When we learn to navigate emotions, another EQ skill, we get to choose how and whether to respond to them. Emotions are a valuable source of data that tell us about what is important to us and to motivate us. When we create the space to step outside ourselves and take the meta-view, we broaden our perspective and become more sensitive to context – of our own emotions and that of others. One of those core emotions that often gets in the way is fear. The author shares a story about her young son and his initial terror of diving into a swimming pool to illustrate that taking the leap, in whatever context that may be, is not about ignoring fear or fighting or fixing it. Rather, it’s about noticing and accepting all your emotions and thoughts, viewing them with compassion and curiosity, and then choosing courage over comfort to act according to your values. “Courage is not the absence of fear. Courage is fear walking”. Or diving, in this case. It’s an image that I find strangely comforting.
Another memorable quote, which drew ripples of laughter from the audience at her Ted Talk, goes, “When we say, ‘I don’t want to fail’, ‘I don’t want to embarrass myself’, ‘I don’t want to get hurt’, we’re expressing what I call dead people’s goals”. The only people who never feel discomfort for having made fools of themselves are those who are no longer walking with us in this world. This really speaks to me as I’ve spent far too much time snuggled up in the warm embrace of my comfort zone. We grow and flourish when we let go of that embrace and bring a playful sense of curiosity to what awaits us outside. Not too far out mind you. Staying emotional agile requires us to find balance between over-competence and over-challenge –in her words, the See-Saw Principle.
Another vital EQ skill that can energize us, embolden us to take calculated risks, and to persevere when the going gets tough is to engage our intrinsic motivation. We gain energy from our personal values and commitments. Put another way, when you are emotionally agile, you don’t waste energy wrestling with your impulses. You act with intention. And without action, a value is merely an aspiration, rather than a way of being. Angela Duckworth describes grit, in her eponymous book, as passion and sustained persistence in trying to achieve a goal over the very long haul, with no particular concern for rewards or recognition along the way. David, however, cautions against grit for grits sake. In her words, it’s “grit or quit”. An emotionally agile response requires us to review our goals and to either let them go or adjust them if they are found to be unattainable. Notwithstanding the fact that our values can also evolve over time. But firstly, we need to know what our values are. The Six Seconds model encourages us to go one step further and pursue our noble goals. This activates the other seven EQ competencies – a kind of rocket booster, if you will. When we do so, we are laser-focused on our daily choices to ensure that they are aligned with our vision, our mission, and our legacy. David refers to it as “walking your why”.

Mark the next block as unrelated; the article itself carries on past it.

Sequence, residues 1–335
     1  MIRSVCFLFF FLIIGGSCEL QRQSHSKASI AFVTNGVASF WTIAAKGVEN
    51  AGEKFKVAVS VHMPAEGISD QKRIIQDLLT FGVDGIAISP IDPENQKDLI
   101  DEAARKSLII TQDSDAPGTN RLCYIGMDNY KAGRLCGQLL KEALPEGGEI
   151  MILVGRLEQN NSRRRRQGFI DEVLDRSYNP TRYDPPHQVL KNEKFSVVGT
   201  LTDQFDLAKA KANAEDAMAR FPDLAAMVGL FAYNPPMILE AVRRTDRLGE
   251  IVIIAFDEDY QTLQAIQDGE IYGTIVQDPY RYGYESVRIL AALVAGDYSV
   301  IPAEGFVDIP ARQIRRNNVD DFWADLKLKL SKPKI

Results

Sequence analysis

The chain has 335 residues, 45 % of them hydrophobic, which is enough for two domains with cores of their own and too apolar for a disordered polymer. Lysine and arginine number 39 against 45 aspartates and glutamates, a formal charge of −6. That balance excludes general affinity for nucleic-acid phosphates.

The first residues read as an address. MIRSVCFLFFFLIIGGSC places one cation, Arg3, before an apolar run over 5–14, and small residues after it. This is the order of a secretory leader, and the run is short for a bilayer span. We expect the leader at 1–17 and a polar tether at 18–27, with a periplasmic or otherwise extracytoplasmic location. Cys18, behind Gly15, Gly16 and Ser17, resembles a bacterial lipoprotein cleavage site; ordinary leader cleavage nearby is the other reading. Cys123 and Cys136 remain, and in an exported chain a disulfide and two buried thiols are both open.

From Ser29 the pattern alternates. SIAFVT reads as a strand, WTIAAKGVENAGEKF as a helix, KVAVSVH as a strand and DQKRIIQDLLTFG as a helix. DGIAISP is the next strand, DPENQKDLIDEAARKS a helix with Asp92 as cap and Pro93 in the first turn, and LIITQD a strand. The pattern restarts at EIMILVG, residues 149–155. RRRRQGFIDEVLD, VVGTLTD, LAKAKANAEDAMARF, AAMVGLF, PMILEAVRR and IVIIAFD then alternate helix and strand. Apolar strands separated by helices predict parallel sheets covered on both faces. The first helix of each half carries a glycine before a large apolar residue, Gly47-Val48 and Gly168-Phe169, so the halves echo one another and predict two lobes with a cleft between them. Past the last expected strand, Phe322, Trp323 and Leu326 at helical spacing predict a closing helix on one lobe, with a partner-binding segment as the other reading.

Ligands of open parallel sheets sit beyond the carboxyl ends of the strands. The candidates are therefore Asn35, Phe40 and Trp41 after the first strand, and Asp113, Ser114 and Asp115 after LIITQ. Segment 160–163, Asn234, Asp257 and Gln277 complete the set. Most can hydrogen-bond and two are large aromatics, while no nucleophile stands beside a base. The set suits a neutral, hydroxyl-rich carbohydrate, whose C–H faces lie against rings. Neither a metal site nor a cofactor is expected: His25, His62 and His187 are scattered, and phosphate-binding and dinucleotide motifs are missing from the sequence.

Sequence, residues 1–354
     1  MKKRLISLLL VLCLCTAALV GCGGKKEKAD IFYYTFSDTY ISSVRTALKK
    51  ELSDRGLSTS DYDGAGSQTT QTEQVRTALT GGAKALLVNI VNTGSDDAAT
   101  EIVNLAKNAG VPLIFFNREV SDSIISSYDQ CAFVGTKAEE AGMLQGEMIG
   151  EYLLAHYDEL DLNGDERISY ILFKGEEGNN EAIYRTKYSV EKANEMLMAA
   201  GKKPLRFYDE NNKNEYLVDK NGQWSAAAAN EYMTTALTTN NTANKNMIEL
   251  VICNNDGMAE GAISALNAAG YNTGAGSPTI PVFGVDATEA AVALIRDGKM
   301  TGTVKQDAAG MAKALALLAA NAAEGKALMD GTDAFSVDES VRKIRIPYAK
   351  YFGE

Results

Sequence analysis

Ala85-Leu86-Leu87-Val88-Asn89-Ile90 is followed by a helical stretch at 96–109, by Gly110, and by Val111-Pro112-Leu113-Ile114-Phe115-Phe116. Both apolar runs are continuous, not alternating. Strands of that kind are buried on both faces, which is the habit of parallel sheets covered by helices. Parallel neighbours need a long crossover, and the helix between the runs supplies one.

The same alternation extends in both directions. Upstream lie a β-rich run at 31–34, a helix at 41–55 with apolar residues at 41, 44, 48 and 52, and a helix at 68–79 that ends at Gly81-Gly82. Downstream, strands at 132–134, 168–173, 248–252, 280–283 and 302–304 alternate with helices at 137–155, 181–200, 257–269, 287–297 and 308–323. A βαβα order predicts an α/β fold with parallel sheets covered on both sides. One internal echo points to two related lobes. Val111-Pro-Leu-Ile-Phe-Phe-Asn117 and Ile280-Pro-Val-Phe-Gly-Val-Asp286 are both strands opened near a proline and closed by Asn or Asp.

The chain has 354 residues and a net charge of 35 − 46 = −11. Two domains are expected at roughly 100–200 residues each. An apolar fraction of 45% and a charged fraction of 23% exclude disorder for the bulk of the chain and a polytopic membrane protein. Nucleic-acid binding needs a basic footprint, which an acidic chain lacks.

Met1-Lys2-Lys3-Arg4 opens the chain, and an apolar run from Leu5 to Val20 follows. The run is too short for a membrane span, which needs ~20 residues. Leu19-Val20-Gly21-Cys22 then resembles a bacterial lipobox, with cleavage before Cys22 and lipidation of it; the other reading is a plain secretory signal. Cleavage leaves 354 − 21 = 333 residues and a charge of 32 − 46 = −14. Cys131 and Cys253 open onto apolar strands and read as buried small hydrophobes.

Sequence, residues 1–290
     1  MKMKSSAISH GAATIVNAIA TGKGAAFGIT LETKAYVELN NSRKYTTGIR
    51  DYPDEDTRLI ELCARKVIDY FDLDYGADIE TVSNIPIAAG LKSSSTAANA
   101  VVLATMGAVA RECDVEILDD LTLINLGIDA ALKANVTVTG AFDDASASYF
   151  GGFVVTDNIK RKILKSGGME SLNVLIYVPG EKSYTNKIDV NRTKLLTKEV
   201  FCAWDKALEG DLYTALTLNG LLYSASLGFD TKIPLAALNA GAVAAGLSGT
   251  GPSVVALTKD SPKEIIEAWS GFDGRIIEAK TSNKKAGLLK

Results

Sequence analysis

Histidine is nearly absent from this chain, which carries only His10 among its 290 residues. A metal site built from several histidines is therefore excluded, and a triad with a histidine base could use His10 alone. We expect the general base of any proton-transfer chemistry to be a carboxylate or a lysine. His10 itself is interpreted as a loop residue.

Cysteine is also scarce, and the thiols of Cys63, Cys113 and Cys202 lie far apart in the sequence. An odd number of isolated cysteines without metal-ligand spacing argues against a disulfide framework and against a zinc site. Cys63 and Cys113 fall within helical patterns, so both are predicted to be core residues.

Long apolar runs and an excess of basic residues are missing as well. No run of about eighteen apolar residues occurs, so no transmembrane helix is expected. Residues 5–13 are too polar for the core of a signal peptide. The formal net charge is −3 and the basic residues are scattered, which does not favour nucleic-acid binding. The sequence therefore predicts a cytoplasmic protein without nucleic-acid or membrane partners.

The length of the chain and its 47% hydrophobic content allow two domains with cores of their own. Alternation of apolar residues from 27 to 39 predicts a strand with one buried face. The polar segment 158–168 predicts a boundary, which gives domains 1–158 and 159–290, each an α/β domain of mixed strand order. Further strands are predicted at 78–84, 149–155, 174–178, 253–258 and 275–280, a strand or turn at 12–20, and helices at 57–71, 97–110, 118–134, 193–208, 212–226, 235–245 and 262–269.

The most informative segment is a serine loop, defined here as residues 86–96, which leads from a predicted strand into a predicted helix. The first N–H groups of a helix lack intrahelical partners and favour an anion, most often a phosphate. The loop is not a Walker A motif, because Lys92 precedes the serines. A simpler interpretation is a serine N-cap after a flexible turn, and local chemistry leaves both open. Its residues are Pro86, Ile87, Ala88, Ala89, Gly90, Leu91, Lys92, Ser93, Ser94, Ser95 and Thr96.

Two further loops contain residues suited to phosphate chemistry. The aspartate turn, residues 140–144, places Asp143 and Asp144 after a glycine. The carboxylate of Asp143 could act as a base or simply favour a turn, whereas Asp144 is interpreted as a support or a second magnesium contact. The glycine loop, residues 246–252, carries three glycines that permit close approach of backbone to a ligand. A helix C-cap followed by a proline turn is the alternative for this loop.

The Harvard psychologist makes a strong case against classifying emotions as simply good or bad and this certainly chimes with Six Seconds philosophy. She puts in a good word for negative moods (“people in ‘negative’ moods tend to be less gullible and more sceptical”) and cautions against the pursuit of happiness (“deliberately striving for it is fundamentally incompatible with the nature of happiness itself”). But she neglects to extol the virtues of exercising optimism, that is, taking a proactive perspective of hope and possibility. According to Six Seconds, an optimistic outlook increases the pool of choices and opportunity for success, helps us innovate and find solutions. In the context of emotional agility, this allows us to change perspective and remain open and curious to the constantly evolving world around us. That leaves us with one final EQ skill to talk about. Applying consequential thinking means we carefully evaluate the costs and benefits of our choices. Although David doesn’t directly allude to it in her book, one tip, which loosely corresponds to this, is to keep a diary. Not only can it create more distance between us and the thought or emotion, but it can be a great way to reflect and to identify appropriate responses by exploring options on the page.
I regard myself as an emotional intelligence practitioner rather than an expert. It’s a never-ending journey of learning and self-discovery. Emotional agility is my yoga for the heart – it offers strength, balance, and flexibility to be my authentic self and to flourish, even in hard times. Writing this article has been one more step on that journey. Thank you for taking the time to come along for some of the way.
Colin Cafferty is a Certified Emotional Intelligence Practitioner with Six Seconds and a Network Leader who hosts EQ Cafés. He is currently training to become an EQ Assessor and EQ Coach. His noble goal is to nurture emotional well-being in others to allow them flourish in service of a fairer society and a healthier planet.